Is THIS why so many young people are getting colorectal cancer? Doctors say a FUNGUS could be to blame
- Doctors in D.C. say that changes to the gut microbiome may drive the cancer
- Tests on many patients found their guts contained fungus Cladosporium sp.
- READ MORE: Mysterious colon cancer epidemic striking young Americans
Doctors may have moved one step closer to revealing why colorectal cancer cases are surging among younger adults.
A mysterious rise in cases among under-55s has sparked concerns in medical circles, especially as the cancer is being spotted among healthy youngsters who ‘run marathons’ and watch their diet.
Now doctors at Georgetown University, in Washington D.C., say the uptick could be linked to changes in young people’s gut microbiomes.
They found that tumors from younger patients were more likely to contain the fungus Cladosporium sp. when compared to older patients.
The fungus is only occasionally found in the human gut, where it is suspected to be an invader that does not aid in digestion. The fungus is also known to cause infections of the skin and nails.
Scientists have moved one step closer to understanding why there is a rise in colorectal cancer cases among young people (stock)
Colorectal cancer is the third most common cancer diagnosed in the United States, according to the National Cancer Institute. And it’s surging in young people.
About 153,000 Americans are diagnosed with colorectal cancer every year, of which 19,550 are under 50 years old.
Rates in the under 55s have doubled since the 1990s, which is raising concern among health professionals.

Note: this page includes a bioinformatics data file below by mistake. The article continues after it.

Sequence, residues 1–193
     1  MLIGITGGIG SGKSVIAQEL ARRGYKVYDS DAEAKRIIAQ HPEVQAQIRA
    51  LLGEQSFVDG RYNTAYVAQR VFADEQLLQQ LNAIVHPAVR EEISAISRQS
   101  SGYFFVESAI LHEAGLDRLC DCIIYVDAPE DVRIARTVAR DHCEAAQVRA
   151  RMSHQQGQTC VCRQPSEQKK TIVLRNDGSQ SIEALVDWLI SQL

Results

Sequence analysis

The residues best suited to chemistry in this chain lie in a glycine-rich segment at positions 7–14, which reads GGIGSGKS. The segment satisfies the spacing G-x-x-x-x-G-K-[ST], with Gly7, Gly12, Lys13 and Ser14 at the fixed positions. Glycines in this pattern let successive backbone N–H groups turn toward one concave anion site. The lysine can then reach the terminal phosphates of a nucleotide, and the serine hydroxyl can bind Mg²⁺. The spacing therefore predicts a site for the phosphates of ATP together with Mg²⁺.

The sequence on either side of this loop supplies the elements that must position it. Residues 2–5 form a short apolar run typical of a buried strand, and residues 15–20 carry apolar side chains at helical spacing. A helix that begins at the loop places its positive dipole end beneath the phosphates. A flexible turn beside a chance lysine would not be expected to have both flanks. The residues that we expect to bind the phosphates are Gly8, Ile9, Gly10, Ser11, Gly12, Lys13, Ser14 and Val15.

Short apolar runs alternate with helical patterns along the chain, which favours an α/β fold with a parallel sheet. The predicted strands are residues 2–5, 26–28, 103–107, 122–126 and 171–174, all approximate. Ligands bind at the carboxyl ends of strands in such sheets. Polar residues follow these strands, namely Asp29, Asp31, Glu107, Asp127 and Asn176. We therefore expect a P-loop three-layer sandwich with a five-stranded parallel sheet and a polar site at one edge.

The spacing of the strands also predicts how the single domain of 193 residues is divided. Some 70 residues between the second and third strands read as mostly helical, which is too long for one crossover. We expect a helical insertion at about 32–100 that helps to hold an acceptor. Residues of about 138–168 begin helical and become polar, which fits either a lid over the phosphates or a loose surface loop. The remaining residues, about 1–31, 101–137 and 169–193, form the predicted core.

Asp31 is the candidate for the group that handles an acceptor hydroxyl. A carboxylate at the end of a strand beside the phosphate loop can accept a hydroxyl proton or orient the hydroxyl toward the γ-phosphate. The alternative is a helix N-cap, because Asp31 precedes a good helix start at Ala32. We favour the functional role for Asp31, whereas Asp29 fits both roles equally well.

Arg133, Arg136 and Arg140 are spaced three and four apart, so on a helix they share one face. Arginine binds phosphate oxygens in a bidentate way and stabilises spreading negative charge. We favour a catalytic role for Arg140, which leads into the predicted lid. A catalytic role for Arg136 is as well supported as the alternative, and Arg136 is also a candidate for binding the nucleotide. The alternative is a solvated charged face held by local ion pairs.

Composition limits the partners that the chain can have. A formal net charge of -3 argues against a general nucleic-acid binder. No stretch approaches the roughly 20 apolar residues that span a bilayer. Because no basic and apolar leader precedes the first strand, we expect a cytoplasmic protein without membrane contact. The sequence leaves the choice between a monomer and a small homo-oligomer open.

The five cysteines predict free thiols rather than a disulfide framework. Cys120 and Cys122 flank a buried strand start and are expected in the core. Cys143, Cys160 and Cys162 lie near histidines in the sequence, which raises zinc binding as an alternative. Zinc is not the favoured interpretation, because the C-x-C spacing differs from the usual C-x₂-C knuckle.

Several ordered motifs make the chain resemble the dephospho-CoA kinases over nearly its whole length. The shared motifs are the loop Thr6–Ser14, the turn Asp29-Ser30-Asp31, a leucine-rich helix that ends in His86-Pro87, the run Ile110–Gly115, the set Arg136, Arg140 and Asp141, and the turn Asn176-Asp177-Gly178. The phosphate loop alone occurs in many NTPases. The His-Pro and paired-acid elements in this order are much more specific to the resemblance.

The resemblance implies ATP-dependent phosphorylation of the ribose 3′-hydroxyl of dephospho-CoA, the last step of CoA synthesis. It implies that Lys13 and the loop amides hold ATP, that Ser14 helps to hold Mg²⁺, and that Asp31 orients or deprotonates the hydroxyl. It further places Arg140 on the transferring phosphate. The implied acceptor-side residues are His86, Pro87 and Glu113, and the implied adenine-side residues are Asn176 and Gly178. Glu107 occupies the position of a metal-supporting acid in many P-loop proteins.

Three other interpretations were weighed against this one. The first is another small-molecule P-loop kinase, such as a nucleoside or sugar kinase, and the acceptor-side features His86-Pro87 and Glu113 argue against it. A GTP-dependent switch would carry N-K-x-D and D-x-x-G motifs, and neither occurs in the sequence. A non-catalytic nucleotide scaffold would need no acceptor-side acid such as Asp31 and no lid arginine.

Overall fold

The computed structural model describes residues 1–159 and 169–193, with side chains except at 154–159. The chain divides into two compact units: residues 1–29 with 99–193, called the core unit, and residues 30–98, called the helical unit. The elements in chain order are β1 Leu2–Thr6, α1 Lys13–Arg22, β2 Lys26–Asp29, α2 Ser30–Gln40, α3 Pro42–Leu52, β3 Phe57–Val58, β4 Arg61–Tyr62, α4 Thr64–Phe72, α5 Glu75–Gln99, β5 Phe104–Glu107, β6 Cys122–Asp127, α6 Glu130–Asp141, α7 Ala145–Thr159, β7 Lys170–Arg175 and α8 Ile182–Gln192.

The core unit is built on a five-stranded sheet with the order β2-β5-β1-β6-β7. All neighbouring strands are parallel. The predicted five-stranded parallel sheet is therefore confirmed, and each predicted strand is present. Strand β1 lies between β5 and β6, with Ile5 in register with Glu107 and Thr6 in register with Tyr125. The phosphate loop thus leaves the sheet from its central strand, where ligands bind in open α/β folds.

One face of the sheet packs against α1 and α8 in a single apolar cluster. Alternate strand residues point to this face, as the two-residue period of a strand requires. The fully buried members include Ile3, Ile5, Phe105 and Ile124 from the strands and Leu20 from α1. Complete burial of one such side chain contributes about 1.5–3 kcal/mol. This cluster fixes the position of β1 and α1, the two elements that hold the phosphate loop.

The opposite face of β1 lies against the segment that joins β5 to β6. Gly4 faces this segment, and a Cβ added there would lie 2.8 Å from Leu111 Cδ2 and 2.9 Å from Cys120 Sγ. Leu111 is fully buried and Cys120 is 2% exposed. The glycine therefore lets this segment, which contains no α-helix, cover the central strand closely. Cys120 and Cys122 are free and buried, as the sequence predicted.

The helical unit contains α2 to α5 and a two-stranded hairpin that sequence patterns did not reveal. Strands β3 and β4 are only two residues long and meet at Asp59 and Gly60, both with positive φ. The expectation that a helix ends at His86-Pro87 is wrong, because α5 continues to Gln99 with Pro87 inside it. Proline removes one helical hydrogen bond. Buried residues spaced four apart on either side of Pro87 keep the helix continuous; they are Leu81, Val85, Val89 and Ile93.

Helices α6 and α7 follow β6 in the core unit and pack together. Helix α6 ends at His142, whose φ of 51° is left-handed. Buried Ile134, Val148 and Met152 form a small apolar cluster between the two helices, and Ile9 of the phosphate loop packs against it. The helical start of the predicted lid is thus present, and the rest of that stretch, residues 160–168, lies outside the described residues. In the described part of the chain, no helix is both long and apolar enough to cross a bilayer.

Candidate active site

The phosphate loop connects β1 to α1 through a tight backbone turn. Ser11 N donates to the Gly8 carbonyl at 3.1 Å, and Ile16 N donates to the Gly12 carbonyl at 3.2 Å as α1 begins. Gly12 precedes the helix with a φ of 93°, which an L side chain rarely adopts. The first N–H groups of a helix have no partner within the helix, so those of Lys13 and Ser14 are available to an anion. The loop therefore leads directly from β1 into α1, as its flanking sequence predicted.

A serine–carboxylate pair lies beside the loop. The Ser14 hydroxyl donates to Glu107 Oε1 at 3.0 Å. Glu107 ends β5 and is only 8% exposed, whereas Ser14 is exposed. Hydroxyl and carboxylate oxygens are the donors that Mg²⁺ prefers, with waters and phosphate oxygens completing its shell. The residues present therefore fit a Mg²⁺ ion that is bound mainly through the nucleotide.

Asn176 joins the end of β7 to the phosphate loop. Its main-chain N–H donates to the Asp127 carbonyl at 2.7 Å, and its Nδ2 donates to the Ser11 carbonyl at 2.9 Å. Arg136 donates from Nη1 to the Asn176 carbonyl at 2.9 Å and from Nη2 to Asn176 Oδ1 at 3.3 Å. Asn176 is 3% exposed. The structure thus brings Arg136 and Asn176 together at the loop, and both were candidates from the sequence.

A 2023 report from the American Cancer Society, for example, states that the rate of colorectal cancer in Americans younger than age 55 increased from 11 percent of all cases in 1995 to 20 percent in 2019.
Dr Benjamin Weinberg, a gastrointestinal cancer expert, told AXIOS: ‘A lot of people blame obesity and diabetes.
‘But we have these patients who run marathons and they eat [healthy diets] and they’ve got very advanced colorectal cancer.’
For the study, scientists looked at tissue samples from 63 patients aged either under 45 years old or over 65 years.
Mystery of colon cancer epidemic among young people
The American Cancer Society also warned that more cases are being diagnosed when the cancer has spread to other parts of the body, where it is harder to treat.
They checked the DNA of microorganisms in the tumors to look for any differences in the gut microbiome.
This revealed that Cladosporium sp. was more common in the tumors of young patients than the older individuals.
The researchers also evaluated bacterial factors that could be in play.
There was no difference for most bacteria, such as Fusobacterium nucleatum, which was found about 30 percent of the time in both groups.
Other bacteria were also shown to be more common in the tumors of older patients.
It’s still unclear how Cladosporium sp. could lead to this increase in cases, but the researchers think it could damage cell DNA. This could make them turn into cancerous cells.
The results are to be presented next week at the American Society of Clinical Oncology’s annual meeting in Chicago, Illinois.
The researchers say their paper may have brought doctors one step closer to understanding what is causing the rise in colorectal cancer cases.
Dr Weinberger added: ‘There was some sort of exposure we think in the 1970s or 1980s — maybe everybody started taking antibiotics for ear infections or they stopped breastfeeding.
‘Something happened where this cohort is seeing this rise and we don’t know why.’
Previous theories have suggested that unhealthy diets, alcohol consumption and the rise of sedentary lifestyles could be behind the uptick.
But scientists say these do not explain why other cancers have remained flat or continued to tumble in under-55s at the same time.
All tumors contain bacteria and can also contain fungi, although these are not typically present.
Part of the surge could be that people are also more likely to have their colorectal cancer detected at a later stage when it is more difficult to treat.
A 2017 study in the journal Clinical Gastroenterology and Hepatology found that people under 50 tended to wait two months longer to seek medical attention after first noticing symptoms than those over 50.
Amid concerns over the rising rate among younger adults, in 2021 the US Preventive Services Taskforce lowered the screening age from 50 to 45 years old.
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